Oh boy. This is deep, dudes. Far out and deeply deep, dudettes.

Rather than trying my unworthy hand at a thorough analysis of a psychologically complex 500 page novel, I shall lay track for a few grooves.

Dig it.
Near the beginning, I thought it might be a romance. No way, man. More like a real Mystery of Mental and Emotional Health and Well-being.

What is love? How is the idea or thought of it, especially young love, affected by the passage of time, what with our tendency to romanticize our youth?

The painful paradox of the ego (false pride), with its fang-ed sea serpent 'jealousy,' blinding us to reason, depriving us of patience and filling us with anger, all of which operates to ruin the very love that our innate sexuality tells us to cherish above all else.

The ways we lie to ourselves to enable the fantasy, even to the edge of sanity, that another loves us despite overwhelming evidence to the contrary.


This is a thought provoker that goes down some murky places in the mind. Some readers may be turned off by what at times seems like a long-windedness of the first person narrator. Although it seemed to me, after finishing it, that 50 pages could have been trimmed, I haven't studied it enough to make conclude that those 50 were unneeded, and not the kick that pushed this novel into "classic" territory.

I could delve into all my thoughts triggered by the profundity of Iris Murdoch. It would be a ramble for it reminds me of how I languished in damaged love's lassitudes all the day I finished it. So, in that respect, I couldn't have read a more timely book.

This is a surefire 4.5 stars on the water.

12 of 16 people found this review helpful

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Yes, it's an unfair rating

I never made it past Chapter 1, which was a very descriptive and very long hour of detailed analysis of the book. It was the equivalent of reading Cliff Notes and by the time the hour ended I could not decide if it were a case of not needing to listen to the next 20 hours or not wanting to. So I returned it.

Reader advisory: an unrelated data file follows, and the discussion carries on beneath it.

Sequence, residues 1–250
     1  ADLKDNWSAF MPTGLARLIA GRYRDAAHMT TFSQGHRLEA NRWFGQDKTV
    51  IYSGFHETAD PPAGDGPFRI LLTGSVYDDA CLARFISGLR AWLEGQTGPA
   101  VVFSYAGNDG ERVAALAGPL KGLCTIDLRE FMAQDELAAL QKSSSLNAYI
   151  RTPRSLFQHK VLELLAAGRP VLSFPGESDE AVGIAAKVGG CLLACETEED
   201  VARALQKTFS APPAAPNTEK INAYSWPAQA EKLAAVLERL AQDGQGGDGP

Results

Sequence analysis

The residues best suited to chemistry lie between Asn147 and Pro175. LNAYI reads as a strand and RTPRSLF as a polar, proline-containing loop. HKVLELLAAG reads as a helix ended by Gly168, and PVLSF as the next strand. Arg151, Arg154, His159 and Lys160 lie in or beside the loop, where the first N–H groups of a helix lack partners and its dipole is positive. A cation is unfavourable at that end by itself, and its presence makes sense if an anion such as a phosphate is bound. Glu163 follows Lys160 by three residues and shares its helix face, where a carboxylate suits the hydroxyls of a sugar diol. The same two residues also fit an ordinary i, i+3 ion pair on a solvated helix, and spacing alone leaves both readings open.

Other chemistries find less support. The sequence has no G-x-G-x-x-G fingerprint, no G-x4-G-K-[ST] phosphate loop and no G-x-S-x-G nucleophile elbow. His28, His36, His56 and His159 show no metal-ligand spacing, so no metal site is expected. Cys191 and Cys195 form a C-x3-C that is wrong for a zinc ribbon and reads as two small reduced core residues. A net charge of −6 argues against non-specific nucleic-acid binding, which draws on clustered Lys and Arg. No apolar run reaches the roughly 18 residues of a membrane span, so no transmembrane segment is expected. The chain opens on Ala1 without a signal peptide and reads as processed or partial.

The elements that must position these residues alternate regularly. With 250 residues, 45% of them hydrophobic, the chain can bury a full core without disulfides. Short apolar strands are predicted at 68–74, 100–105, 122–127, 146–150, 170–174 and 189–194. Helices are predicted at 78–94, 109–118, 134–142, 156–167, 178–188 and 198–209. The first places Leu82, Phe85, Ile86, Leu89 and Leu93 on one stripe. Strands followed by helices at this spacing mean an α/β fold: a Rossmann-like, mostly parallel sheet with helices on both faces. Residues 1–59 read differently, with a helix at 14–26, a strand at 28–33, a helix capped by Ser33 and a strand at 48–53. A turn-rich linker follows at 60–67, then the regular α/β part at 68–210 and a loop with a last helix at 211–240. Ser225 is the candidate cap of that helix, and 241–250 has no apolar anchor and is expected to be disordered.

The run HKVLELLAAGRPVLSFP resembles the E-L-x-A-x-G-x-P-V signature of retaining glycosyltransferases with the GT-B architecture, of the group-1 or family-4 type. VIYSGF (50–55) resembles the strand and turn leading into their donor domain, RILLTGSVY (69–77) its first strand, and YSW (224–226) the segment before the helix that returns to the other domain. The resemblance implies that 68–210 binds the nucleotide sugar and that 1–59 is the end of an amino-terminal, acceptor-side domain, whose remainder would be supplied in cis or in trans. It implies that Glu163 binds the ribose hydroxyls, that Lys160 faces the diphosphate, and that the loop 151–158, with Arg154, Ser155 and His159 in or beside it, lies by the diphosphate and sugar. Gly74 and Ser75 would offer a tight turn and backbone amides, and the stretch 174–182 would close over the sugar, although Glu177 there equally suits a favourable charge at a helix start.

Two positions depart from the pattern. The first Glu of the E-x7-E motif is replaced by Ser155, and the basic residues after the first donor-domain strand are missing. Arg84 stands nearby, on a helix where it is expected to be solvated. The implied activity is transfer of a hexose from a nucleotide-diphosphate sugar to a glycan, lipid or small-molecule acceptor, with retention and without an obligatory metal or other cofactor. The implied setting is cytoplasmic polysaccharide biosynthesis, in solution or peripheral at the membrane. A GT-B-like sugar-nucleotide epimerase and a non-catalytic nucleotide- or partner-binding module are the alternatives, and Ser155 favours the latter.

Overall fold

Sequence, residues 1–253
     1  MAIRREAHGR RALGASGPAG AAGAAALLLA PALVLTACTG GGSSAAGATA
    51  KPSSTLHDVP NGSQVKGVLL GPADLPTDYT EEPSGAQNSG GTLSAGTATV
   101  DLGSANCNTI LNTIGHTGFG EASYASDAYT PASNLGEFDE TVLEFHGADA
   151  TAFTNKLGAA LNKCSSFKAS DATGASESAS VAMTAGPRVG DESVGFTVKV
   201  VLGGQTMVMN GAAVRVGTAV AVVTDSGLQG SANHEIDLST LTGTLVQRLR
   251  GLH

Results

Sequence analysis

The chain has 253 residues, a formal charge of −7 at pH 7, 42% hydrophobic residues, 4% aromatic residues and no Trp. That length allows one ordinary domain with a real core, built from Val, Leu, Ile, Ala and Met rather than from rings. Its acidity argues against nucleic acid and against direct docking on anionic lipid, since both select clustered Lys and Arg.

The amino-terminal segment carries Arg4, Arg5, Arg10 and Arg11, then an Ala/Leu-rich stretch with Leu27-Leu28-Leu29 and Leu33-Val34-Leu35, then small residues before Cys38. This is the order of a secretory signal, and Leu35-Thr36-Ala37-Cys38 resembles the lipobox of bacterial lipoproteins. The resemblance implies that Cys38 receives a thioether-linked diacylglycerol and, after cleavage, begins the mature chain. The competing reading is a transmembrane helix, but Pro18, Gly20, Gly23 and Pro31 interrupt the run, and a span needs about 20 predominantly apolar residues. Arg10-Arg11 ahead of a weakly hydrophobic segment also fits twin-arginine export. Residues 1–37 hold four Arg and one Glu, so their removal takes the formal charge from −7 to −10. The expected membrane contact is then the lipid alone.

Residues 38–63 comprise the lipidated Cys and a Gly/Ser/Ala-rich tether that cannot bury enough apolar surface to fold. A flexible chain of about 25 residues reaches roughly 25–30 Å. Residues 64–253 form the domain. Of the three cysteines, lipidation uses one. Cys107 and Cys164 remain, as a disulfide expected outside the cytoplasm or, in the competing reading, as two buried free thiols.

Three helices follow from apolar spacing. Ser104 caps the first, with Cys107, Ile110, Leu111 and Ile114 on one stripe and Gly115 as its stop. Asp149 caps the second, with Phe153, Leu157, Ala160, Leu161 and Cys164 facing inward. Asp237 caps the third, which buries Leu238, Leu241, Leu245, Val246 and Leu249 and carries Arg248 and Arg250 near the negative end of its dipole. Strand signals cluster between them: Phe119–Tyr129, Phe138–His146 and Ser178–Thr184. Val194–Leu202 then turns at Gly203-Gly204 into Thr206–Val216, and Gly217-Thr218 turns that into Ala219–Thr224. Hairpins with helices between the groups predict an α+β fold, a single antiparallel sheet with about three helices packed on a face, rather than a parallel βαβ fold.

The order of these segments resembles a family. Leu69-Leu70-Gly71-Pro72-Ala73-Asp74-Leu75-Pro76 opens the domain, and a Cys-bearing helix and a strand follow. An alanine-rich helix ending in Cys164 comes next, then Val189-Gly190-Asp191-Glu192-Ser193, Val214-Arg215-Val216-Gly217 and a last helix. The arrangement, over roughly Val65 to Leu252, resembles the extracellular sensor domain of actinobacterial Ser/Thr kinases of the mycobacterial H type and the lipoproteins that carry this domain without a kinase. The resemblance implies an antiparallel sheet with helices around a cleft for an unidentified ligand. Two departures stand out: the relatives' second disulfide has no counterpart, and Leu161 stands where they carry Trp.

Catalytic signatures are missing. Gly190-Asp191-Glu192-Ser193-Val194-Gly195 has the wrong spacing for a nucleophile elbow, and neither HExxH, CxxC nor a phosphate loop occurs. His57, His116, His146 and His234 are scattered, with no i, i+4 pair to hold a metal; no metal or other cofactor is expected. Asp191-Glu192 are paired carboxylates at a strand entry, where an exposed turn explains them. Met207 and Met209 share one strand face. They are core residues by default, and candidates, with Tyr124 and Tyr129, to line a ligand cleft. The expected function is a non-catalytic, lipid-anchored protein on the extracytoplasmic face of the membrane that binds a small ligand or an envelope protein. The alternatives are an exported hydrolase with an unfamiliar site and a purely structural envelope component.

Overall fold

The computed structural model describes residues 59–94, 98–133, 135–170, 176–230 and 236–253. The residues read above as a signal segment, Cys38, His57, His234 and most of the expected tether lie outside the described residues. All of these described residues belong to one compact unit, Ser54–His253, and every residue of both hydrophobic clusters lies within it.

9 of 12 people found this review helpful

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BEAUTIFUL

I would listen to anything read by Simon Vance, and this book, a masterpiece, deserves double praise. I hardly could stop listening and it was finished all too soon. Can't wait to forget it a little so I can listen again! Just listen!

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Again!

Lost in Iris Murdoch's story and language from the beginning. So much here that after I pull up the boat, make camp, and get a good night's sleep, I will do it again.

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Dark, tense, a gentle almost magical bludgeoning...


What a miraculous book. I have only just now finished it, and I already know that I will begin the re-listening of it tonight. I cannot wait. Without a doubt, it is on that shelf of one of the very best.

You are wondering what it is about? Heavy sigh. It is about everything, of course, as the greatest books are. But, Murdoch focuses with frightening clarity on marriages, relationships, lost love, delusions, the darkness we hide from, and the darkness we hide away.

It is a stormy, psychological journey into the hearts of many different characters whose paths are all intertwined. It begins with a famous actor/director (Charles Arrowby) retiring to a little run-down house by the sea where he swims, cooks wonderful meals, collects rocks, thinks, and writes about his life. Lord, it sounded like heaven to me. Of course, it was not.

There are tiny little shadows cast upon the reader from the start, and we slowly grow uneasy with the knowledge that so much is hooded, masked, and cloaked in falseness and danger, but we cannot quite put our finger on what it is. The zig-zagging trajectory of the tangled lives cannot be forecasted by the reader. Although we long for a predictable outcome to so many of the extraordinary events, this is not what we get. Murdoch is a realist. She puts a little dash of beast in everyone and the effect is a gentle bludgeoning which (sickeningly) we do understand, and from which (appallingly) we cannot tear our ears away.

I felt slightly shackled to this story. Even when I took a break from the listening, her words followed me. Everywhere. It is haunting. It is very powerful. Murdoch was an amazing talent. How many authors can conjure the perfect words to describe "eyes that are determined to lose hope"? She does this and other breathtaking word-feats. Aren't you curious?